VISIONARIES: WORKS FROM THE EMILY AND JERRY SPIEGEL COLLECTION
“Mixing the colors, finding the right hues, the smell, all these things foster an illusion that this is going to be a wonderful painting.” Gerhard Richter
The warm tonal rendering of light infuses a verdant, luminous landscape where lush shades of greens and browns surround a schober, a traditional German hay barn. Its roof burnished by vivid touches of reds and yellows, while subtle tinting and shading create a shimmering, if serene, effect. The sense of bucolic beauty in Gerhard Richter’s atmospheric evocation in which the depicted scene seems to dissolve in a mist of lyrical brushwork, engages all the senses, optical and tactile, and generates sympathetic ideations of place. “Mixing the colors, finding the right hues, the smell, all these things foster an illusion that this is going to be a wonderful painting” (G. Richter, “I Have Nothing to Say and I’m Saying It: Conversation between Gerhard Richter and Nicolas Serota, Spring 2011,” in Gerhard Richter: Panorama, London, 2011, p. 16). The key word here is “illusion,” for what Richter has achieved is no less than a double vision: the reenactment in paint of a photographic record. A truth, yet also an “untruth:” “My landscapes are not only beautiful or nostalgic, with a Romantic or classical suggestion of lost Paradises, but above all ‘untruthful’ (even if I did not always find a way of showing it); and by ‘untruthful’ I mean the glorifying way we look at Nature—Nature, which in all its forms is always against us, because it knows no meaning, no pity, no sympathy, because it knows nothing and is absolutely mindless: the total antithesis of ourselves, absolutely inhuman” (G. Richter, “Notes, 1986,” quoted in H-U. Obrist, ed., Gerhard Richter: The Daily Practice of Painting. Writings and Interviews 1962-1993, Cambridge, 1995, p. 124). Yet this takes away nothing from sheer transformative beauty of the work. Richter’s desire to paint something “beautiful” is well documented. Yet his rigorous and systematic confrontations and provocations of the viewing situation, his deflections of identification with the familiar, are embedded here in Schober. For “illusion” is closer to the mark: in a brilliant strategic turn, Richter simultaneously recreates historical photography’s challenge to painting, transcribing facticity into the picturesque, yet leaving the “picturesque” without its illusion. While the chromatic range in works of early photographers like Alfred Stieglitz and Edward Steichen was limited, the blur obtained through multiple printing by which the effect of painterliness was achieved, the light and dark contrasts that dissolve matter into mist further suggesting a “half-baffled vision” (C. Caffin, quoted in Camera Work: A Critical Anthology, Millerton, New York, 1973). That “half-baffled vision” describes Richter’s interplay with mediums, the way in which a photograph of a landscape dissolves into painterly abstraction. Schober offers a multiplicity of readings, for viewed from various vantage points colors shade, lighten, and blend in such a way that barn, trees, and grass dematerialize into a vast fields of pure color.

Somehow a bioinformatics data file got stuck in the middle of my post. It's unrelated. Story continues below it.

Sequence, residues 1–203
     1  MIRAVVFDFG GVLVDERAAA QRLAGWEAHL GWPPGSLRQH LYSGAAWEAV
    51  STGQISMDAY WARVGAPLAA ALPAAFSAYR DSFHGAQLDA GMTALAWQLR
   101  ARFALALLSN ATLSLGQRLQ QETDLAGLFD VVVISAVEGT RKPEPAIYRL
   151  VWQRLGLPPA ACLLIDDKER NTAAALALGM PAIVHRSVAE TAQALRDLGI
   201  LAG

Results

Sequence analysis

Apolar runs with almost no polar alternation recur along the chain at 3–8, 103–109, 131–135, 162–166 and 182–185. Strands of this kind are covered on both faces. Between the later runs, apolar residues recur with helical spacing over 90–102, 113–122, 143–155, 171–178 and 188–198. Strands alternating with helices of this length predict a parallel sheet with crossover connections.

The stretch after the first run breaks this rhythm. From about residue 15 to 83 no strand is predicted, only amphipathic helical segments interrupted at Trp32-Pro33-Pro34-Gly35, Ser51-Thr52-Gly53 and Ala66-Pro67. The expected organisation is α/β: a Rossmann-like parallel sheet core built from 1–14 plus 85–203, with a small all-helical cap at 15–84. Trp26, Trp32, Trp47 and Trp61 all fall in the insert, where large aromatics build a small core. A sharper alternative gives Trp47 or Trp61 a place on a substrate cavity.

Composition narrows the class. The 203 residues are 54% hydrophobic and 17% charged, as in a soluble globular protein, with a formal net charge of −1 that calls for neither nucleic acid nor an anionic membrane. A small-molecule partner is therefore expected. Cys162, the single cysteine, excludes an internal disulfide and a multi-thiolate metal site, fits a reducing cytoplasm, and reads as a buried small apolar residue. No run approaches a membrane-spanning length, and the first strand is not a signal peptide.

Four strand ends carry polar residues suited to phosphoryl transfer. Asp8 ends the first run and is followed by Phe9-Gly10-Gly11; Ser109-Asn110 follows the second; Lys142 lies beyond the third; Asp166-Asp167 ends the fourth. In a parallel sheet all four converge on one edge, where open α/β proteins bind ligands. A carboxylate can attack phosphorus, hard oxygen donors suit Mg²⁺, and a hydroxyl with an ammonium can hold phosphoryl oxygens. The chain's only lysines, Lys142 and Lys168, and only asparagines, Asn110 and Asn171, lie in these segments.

The source photograph is Richter’s own, documented in his Atlas (sheet 426), his massive collection of materials from photos, to newspapers, to sketches that stimulate his working process. “In the beginning I tried to accommodate everything there that was somewhere between art and garbage and that somehow seemed important to me and a pity to throw away” (G. Richter, in Gerhard Richter: Text, Writings, Interviews and Letters 1961–2007, London, 2009, p. 332). Along with several photographs of the farm that include not only the haystack and hay barn, but the large barn and views of the surrounding hills and valleys of the Bavarian forest that Richter used as models for additional paintings, there is the single photograph of the Schober. Striking is the uncanniness of the picture/painting dichotomy: it is as if in the painted version Richter placed a scrim over the photograph, one that is evenly tonal, richer, softer, even dimmed. There are no outlines, no edges and, interestingly, no perspectival depth. This is what moves the work into abstraction, the obscuring of fore-, middle-, and background when compared to the source photograph. In particular, the frontal, nearly orthogonal row of hedge that in the photo is clearly distinct from the receding area of hay and grass behind it, and very like the similar horizontal painted by Jean-Baptiste-Camille Corot, in the painting reads as a horizontal green-brown band, the base of a triangular geometry with the hay barn at its apex.